Greenhouse Gardening – How To Grow Watermelons

Greenhouse Gardening – How To Grow Watermelons

June 17, 2019

Did you know that watermelons are not all round? How about a heart-shaped watermelon? You heard that right! Heart-shaped watermelons. Japanese have been growing them for the past years. You can also check out cubes, pyramids, and a lot more. Let us check out more about how to grow watermelons in a greenhouse.

All about watermelons

The different watermelons shapes are not genetically modified. All you need to do is place a young watermelon inside a box or any shaped container. Let them grow inside. They will eventually fill up the space of that particular container and form the shape that you want.

Watermelons have modified, threadlike leaves called tendrils that can be branched. The vine uses these tendrils for holding them securely or for moving up. There are more than 1,200 varieties available in the market today. And most of us are used to the bright red flesh and black seeds. You may have seen yellow-fleshed types before as well.

Transplants can enhance uniformity and earliness of watermelon while decreasing seed expenses. A seed tray which is one to two inches in diameter is enough. A seed can be planted in a cell at a one-half inch deep using a conventional potting mix. An acceptable watermelon transplant must have two to four true leaves, short and thick stems, and a strong root system.

A few slices of watermelon and a watermelon smoothie with mint leaves as garnish

Health benefits of watermelons

  • An exceptional source of lycopene, which is known to defeat various kinds of cancer
  • A cup of watermelon only has 46 calories
  • High in Vitamin A and C
  • Leading source of carotenoids and beta-carotene
  • Contains citrulline which is an essential amino acid
  • Citrulline can improve nitric oxide levels in the body and helps your blood vessels dilate which prevents high blood pressure and headaches.
  • It prevents age-related Macular Degeneration or AMD which is a prevalent eye problem that may result in blindness as an elderly.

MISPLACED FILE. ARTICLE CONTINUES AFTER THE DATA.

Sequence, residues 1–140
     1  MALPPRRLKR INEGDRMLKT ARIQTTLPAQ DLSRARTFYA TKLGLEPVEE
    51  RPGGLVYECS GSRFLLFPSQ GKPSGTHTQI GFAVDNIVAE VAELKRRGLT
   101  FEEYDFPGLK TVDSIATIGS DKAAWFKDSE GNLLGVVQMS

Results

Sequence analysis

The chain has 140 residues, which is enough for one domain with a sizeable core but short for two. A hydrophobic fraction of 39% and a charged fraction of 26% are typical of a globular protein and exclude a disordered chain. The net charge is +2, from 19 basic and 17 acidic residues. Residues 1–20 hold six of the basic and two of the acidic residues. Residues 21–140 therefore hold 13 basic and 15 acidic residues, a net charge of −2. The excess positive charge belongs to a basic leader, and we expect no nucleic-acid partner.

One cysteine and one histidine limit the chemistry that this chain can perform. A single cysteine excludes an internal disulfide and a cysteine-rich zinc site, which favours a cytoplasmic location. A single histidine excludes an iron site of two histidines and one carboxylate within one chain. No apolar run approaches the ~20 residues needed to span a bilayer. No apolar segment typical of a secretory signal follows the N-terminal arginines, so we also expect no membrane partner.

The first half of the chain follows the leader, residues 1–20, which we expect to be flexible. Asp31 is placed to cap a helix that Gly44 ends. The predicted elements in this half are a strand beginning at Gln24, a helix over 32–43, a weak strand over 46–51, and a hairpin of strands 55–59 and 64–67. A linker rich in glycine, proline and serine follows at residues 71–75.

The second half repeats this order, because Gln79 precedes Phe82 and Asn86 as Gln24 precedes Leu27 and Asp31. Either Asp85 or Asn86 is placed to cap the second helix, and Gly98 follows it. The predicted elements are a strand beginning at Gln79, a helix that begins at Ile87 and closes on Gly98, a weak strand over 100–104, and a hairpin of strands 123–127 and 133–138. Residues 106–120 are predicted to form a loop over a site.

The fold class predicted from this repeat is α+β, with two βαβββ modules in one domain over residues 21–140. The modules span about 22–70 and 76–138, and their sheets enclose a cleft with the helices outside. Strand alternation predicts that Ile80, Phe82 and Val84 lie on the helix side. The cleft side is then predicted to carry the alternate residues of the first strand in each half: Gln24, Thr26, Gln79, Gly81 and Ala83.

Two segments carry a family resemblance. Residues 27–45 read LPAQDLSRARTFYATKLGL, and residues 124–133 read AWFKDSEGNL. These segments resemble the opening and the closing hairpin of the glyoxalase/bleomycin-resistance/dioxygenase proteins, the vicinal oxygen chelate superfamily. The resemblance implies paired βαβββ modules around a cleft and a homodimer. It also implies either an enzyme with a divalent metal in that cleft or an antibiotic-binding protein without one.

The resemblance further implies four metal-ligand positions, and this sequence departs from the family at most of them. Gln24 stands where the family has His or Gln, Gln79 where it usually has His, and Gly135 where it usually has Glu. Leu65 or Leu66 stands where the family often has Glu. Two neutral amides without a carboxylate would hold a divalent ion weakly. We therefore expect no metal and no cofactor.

How to grow watermelons in a greenhouse

  • Stuff a two-inch tray with potting mix.
  • Water the soil mixture.
  • Place them in a warm spot between 85°F to 90°F for 24 hours before planting the seeds.
  • Remember not to overwater them.
  • Set the temperature at 90°F for two days.
  • After the seedlings have appeared, the temperature can be reduced to 70°F to 80°F in the daytime and 65°F to 70°F at night for development.
  • The maximum reasonable temperature for watermelons is 70°F to 85°F.
  • Fertilize as soon as you see the first true leaf.
  • Apply the second fertilizer once the second leaf appears.
  • Harden off watermelon seedlings by gradually decreasing the temperature and cutting back on fertilizers and waterings.
  • Make at least 4 to 6 feet of space inside your greenhouse.
  • Transplant the seedlings.
  • Build or buy a stable trellis for your growing watermelons.
  • Create slings as your fruit matures.
  • Fertilize them again as soon as you see the developing runners.
  • You can also apply liquid seaweed compost when the initial leaves appear and once it has blossomed.

Watermelon care

Pruning is important if your watermelons are trellised. It is done to obtain a balance between vine growth and fruit-bearing. It also improves the average fruit weight and at the same time decreasing the quantity of cull fruit.

Two ripe green watermelons with lots of leaves around them

Watermelons require support as it gets bigger on the trellis. Trellising promotes pollination and lessens the injury to the plants during the harvest season. They slowly rise the trellis and they may need the training to keep the development upright. Small mesh bags or cloths can be applied as slings to carry the watermelons. The bag can be easily cut from the trellis as soon as you are ready to harvest.